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Fashion Nova’s Arbitration Clause Fades Away

Online retailers routinely include arbitration clauses in the terms of service for their website, seeking to send any consumer claims to arbitration and to eliminate a consumer’s right to file a class action lawsuit. Companies adopting this approach—and indeed, the drafters of any arbitration clause—should pay careful attention to the questions of (1) who will decide whether particular claims are subject to arbitration; and (2) the scope of any carve-outs from the arbitration provision, as the recent decision in Dembiczak v. Fashion Nova, LLC demonstrates.[1]


The Dembiczak case is a putative class action alleging that Fashion Nova falsely advertised discounts on its products. After the plaintiff filed suit in federal district court, Fashion Nova sought to compel the plaintiff to arbitrate her claims based on the Terms of Service on the company’s website, which require arbitration in certain instances. 


Initially, the court confronted the question of which decisionmaker decides the scope of the arbitration provision, or the “arbitrability” of the dispute at hand. The court applied the long-standing rule that a court should decide this threshold question unless “there is clear and unmistakable evidence” that the parties delegated the question of arbitrability to the arbitrator. 


Parties often seek to delegate this question to the arbitrator by incorporating in their agreements the rules of an arbitral forum that does so, like the rules of the American Arbitration Association (“AAA”). Although Fashion Nova attempted to incorporate the AAA rules for consumers in its terms of service, the court found that the version of the AAA “rules” cited by Fashion Nova did not in fact exist. Finding Fashion Nova’s incorporation of AAA rules anything but “clear and unmistakable,” the court determined that it, and not an arbitrator, had the authority to decide whether plaintiff’s claims were subject to arbitration.


The court then concluded that the plain language of Fashion Nova’s Terms of Service had a carveout for injunctive relief that removed plaintiff’s entire putative class action from the scope of the arbitration provision. The court’s decision turned primarily on language in the Terms of Service providing that “an action by a party for temporary, preliminary, or permanent injunctive relief” is one category of disputes that “shall not be subject to arbitration.” This language, the court reasoned, was more expansive than if Fashion Nova had carved out only “a claim” seeking injunctive relief. Because the plaintiff sought injunctive relief on behalf of the putative class, the court concluded that this was “an action by a party” seeking injunctive relief and denied the motion to compel arbitration.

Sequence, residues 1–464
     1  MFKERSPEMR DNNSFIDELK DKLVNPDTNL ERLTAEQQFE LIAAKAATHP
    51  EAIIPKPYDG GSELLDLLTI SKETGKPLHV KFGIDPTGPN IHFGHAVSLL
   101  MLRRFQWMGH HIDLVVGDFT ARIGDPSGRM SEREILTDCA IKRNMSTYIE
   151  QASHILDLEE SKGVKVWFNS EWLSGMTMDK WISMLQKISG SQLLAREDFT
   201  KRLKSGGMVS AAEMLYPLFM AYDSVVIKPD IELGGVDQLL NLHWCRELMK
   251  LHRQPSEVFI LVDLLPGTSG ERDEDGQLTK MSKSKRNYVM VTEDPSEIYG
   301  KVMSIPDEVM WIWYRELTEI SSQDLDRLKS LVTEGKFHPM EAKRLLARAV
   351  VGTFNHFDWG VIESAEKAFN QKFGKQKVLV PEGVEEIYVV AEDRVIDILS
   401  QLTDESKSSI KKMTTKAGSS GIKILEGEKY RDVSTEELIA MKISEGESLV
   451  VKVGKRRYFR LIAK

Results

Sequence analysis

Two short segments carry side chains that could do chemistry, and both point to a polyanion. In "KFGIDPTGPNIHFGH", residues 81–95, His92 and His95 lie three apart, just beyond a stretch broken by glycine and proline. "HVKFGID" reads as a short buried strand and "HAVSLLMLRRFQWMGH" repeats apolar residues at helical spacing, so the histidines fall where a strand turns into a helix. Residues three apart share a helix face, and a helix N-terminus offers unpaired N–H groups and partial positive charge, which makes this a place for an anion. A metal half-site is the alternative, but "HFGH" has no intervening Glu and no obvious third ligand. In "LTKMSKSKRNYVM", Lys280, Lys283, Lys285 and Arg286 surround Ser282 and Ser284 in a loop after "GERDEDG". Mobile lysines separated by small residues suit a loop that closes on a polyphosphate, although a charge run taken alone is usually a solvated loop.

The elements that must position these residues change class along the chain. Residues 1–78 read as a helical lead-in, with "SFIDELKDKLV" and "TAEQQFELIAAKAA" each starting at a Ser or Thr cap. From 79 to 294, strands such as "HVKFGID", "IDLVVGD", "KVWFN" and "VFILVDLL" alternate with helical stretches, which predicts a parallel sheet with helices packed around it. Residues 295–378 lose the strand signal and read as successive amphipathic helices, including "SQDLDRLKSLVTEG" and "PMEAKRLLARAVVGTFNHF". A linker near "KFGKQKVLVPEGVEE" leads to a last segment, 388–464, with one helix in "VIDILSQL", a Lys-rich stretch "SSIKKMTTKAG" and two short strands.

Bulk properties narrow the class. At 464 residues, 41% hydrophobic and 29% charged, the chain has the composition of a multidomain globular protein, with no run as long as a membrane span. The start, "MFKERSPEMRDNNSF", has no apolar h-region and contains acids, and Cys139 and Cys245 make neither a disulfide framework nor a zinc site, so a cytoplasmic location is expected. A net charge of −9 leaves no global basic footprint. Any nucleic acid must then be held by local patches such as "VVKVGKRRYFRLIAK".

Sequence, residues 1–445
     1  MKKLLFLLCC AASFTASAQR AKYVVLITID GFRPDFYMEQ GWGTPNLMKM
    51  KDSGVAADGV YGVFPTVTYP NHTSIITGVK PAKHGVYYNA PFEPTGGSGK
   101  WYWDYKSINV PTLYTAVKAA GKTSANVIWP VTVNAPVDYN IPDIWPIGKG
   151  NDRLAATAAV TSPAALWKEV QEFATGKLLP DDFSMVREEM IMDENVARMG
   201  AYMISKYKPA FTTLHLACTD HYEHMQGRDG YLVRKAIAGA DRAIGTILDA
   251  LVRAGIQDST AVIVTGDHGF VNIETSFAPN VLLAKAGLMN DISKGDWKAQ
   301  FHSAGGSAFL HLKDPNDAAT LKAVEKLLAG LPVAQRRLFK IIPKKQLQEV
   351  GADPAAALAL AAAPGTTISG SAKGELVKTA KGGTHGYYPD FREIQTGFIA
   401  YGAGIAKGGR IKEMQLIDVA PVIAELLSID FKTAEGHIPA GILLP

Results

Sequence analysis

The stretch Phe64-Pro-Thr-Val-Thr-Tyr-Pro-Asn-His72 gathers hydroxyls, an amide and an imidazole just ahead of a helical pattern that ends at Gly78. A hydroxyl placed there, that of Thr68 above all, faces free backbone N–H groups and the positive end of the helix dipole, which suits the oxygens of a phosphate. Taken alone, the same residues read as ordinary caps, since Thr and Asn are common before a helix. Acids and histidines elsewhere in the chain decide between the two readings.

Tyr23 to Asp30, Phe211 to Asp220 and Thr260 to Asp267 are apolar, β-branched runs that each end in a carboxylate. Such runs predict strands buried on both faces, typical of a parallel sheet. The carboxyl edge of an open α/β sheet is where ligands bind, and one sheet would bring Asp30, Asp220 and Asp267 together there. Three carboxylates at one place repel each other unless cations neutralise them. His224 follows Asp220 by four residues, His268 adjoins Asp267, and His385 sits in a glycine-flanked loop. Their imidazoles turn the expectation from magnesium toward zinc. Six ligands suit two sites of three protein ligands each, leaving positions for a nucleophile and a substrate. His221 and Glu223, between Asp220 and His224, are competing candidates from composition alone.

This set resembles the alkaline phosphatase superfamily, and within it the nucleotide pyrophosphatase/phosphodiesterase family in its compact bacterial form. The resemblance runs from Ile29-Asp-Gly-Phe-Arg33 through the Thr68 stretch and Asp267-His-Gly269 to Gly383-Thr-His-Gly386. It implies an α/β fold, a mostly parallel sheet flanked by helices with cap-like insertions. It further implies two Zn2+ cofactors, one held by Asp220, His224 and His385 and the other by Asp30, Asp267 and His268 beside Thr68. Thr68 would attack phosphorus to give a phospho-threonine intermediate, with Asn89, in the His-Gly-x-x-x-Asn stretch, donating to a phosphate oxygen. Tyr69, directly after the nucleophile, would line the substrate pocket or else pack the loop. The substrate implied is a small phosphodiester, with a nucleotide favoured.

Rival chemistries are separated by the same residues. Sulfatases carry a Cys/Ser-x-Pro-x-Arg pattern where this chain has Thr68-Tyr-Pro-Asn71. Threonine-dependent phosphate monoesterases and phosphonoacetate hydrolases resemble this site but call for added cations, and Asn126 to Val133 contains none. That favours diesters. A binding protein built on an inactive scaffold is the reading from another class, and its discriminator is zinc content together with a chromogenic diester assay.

Whether or not one agrees with the court’s interpretation of the Fashion Nova arbitration provision, the decision underscores the need for precision in the drafting of any arbitration provision. With respect to providing “clear and unmistakable evidence” of intent to delegate questions of arbitrability, drafters of an arbitration provision must either (a) explicitly delegate this gateway question to the arbitrators, in the text of the arbitration provision itself; or (b) explicitly and clearly incorporate the rules of an arbitral forum that supports delegation and ensure that the cited rules continue to exist and are readily identifiable. The court’s decision also strongly suggests that, had Fashion Nova carved out “claims” or the “remedy” of injunctive relief instead of “actions” seeking injunctive relief, the outcome of the arbitration question would have been different. Expect further developments on both of these key issues as courts across the country continue to grapple with the meaning of delegation and carveout clauses of arbitration provisions. 


[1] 2024 U.S. Dist. LEXIS 25115 (W.D. Wa. Feb. 13, 2024).

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Geoffrey A. Friedman is a litigation attorney at Mintz. Before joining Mintz, Geoff served as a law clerk to the Honorable Raymond C. Fisher of the US Court of Appeals for the Ninth Circuit and the Honorable Christina A. Snyder of the US District Court for the Central District of California.

Matthew C. Hurley

Member / Chair, Intellectual Property Litigation Practice

Matt is a Boston-based litigator who represents primarily life sciences and technology companies in complex business disputes. He is particularly known for representing clients in domestic and international arbitrations involving collaboration agreements, patent licenses, supplier agreements, and distribution contracts.